Saturday, April 23, 2005

Supply and Demand

Since this reintroduction of intellectual labour into the process of production corresponds to the immediate needs of late capitalist technology, the education of intellectual workers must likewise be strictly subordinated to these needs. The result is the crisis of the classical humanist university, rendered anachronistic not only for formal reasons (excessive numbers of students, backwardness of material infrastructure, changes in social background of students, which demand an above-average social expenditure in the university sector, and so on) and not only for overall social reasons (attempts to avoid the emergence of an unemployed intelligentsia; attempts to restrain student revolt, and to step up the ideologization of science for the purposes of manipulating the masses) but also and above all for directly economic reasons specific to the nature of intellectual labour in late capitalism; the constraint to adapt the structure of the university, the selection of students and the choice of syllabuses to accelerated technological innovation under capitalist conditions. The main task of the university is no longer to produce ‘educated’ men [sic] of judgment and property – an ideal which correspondended to the needs of freely competitive capitalism – but to produce intellectually skilled wage-earners for the production and circulation of commodities.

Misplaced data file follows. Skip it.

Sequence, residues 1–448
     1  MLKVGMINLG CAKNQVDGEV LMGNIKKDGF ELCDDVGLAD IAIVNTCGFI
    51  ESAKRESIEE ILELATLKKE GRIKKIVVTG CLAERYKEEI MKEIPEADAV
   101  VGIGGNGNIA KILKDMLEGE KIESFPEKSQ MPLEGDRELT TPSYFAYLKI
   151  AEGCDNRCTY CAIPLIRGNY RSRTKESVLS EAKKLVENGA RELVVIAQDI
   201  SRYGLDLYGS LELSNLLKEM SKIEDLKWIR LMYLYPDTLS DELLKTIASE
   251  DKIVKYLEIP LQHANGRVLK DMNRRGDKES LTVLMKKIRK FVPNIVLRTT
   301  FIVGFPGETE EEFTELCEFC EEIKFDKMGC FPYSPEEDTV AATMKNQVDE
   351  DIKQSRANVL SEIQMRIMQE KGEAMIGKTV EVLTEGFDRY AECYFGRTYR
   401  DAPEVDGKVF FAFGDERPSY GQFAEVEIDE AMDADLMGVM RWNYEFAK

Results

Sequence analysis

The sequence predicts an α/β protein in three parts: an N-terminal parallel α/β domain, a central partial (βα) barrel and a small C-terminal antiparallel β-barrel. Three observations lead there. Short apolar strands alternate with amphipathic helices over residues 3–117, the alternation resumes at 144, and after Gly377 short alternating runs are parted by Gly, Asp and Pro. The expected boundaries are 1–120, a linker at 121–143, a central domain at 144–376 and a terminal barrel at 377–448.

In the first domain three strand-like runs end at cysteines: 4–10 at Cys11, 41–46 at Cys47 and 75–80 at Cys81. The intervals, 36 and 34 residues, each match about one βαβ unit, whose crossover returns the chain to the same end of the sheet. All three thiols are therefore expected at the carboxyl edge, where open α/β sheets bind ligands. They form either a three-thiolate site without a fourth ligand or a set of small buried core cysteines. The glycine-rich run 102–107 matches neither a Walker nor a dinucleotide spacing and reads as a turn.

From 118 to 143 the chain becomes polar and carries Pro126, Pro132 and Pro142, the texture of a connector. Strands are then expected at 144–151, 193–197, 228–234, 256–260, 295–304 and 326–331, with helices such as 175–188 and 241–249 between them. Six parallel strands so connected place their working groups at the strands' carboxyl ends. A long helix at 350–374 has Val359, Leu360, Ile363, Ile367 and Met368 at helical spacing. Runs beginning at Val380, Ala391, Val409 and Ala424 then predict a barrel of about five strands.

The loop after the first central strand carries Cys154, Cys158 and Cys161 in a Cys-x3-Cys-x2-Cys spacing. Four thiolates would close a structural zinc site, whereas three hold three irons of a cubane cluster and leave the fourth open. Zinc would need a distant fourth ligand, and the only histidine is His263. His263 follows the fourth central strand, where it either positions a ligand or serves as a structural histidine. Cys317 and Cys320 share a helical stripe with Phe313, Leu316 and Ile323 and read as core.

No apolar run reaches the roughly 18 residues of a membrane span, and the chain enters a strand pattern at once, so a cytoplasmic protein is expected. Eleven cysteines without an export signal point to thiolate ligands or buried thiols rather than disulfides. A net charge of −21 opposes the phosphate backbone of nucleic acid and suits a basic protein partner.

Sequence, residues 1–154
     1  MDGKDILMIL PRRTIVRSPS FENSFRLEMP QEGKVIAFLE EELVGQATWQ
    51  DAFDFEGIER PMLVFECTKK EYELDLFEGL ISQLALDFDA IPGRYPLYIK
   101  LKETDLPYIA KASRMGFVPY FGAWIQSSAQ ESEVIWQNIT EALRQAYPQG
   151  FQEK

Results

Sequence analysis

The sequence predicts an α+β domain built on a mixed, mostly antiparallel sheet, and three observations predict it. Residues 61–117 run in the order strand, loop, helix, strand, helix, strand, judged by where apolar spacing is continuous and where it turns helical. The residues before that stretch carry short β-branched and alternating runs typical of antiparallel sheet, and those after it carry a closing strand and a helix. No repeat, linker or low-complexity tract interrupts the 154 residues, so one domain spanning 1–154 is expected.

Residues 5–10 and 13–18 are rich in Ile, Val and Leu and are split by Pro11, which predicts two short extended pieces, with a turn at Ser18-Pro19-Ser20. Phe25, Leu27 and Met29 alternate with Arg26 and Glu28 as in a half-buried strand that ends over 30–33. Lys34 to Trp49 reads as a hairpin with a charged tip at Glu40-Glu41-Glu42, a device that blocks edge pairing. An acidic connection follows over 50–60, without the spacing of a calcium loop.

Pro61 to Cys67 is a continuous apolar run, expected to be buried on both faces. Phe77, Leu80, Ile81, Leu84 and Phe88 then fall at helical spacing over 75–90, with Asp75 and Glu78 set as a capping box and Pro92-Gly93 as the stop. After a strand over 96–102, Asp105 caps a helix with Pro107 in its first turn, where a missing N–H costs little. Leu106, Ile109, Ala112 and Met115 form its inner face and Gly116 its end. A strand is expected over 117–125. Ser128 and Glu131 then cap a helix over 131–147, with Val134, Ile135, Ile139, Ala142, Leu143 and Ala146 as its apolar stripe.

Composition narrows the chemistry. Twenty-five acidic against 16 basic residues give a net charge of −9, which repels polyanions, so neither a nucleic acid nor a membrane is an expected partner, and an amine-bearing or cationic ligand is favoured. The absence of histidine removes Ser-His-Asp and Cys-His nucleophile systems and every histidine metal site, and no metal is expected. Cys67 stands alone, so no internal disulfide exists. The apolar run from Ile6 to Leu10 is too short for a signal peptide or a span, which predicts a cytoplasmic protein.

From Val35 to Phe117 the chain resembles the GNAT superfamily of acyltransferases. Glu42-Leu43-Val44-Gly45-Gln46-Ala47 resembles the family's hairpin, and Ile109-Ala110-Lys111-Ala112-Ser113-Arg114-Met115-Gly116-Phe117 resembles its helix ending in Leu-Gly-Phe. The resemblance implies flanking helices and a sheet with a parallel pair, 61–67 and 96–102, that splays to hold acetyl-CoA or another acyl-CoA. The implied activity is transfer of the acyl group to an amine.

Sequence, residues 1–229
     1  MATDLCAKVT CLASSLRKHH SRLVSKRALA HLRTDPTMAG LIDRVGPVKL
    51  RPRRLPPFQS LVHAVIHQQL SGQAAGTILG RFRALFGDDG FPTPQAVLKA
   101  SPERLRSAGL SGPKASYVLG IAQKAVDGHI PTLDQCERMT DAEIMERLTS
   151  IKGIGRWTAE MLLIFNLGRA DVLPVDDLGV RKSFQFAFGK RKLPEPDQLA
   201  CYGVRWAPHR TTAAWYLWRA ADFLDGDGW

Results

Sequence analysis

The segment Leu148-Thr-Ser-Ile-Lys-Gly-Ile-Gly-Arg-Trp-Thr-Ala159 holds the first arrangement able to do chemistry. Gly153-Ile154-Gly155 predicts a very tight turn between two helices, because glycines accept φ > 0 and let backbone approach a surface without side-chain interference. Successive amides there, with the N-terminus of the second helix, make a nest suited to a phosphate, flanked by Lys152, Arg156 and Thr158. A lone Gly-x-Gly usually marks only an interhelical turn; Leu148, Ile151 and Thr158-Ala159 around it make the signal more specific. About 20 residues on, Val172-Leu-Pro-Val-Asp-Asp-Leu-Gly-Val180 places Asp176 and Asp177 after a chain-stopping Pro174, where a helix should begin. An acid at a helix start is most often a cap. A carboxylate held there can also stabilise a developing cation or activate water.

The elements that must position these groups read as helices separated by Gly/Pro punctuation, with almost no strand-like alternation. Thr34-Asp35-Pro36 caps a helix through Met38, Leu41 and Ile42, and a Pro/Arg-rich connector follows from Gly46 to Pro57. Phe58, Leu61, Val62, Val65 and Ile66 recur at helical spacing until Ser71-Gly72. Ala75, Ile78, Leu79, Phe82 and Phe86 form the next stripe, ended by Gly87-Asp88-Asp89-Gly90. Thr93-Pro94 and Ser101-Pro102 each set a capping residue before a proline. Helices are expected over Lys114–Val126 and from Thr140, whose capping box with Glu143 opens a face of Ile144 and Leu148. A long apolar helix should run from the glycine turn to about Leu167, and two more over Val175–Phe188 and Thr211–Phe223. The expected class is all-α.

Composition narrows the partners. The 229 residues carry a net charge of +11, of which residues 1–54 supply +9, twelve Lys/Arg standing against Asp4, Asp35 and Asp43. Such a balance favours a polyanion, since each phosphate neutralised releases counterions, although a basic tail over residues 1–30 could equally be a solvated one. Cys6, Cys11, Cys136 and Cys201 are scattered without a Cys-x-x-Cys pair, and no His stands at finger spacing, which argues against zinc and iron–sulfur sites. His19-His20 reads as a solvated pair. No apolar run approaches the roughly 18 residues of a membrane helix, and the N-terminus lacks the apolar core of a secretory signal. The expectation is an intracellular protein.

–Ernest Mandel, Late Capitalism, trans. Joris De Bres (Verso, 1978) 260-1

The Board of Governors on Thursday, April 21, unanimously approved Our University's medical education partnership with the University Next Door, and that is a truly wonderful thing for the future of OU. BOG approval is a critically important step that paves the way for us to seek additional state funding for this promising new program.

The Board's unanimous action is an endorsement of the value of this unique public-private partnership in the face of the rapidly escalating need for more physicians in Our State and around the nation. Current studies warn that the U.S. will face a shortage of 85,000 to 200,000 physicians by 2020 unless our universities develop ways to produce substantial numbers of new doctors - up to 10,000 more per year than are currently entering the profession.

Through this cooperative program, OU and the UND School of Medicine are creating the template for a new and more cost-effective way of educating physicians.

–The President of Our University, in a statement posted on the university website 22 April 2005

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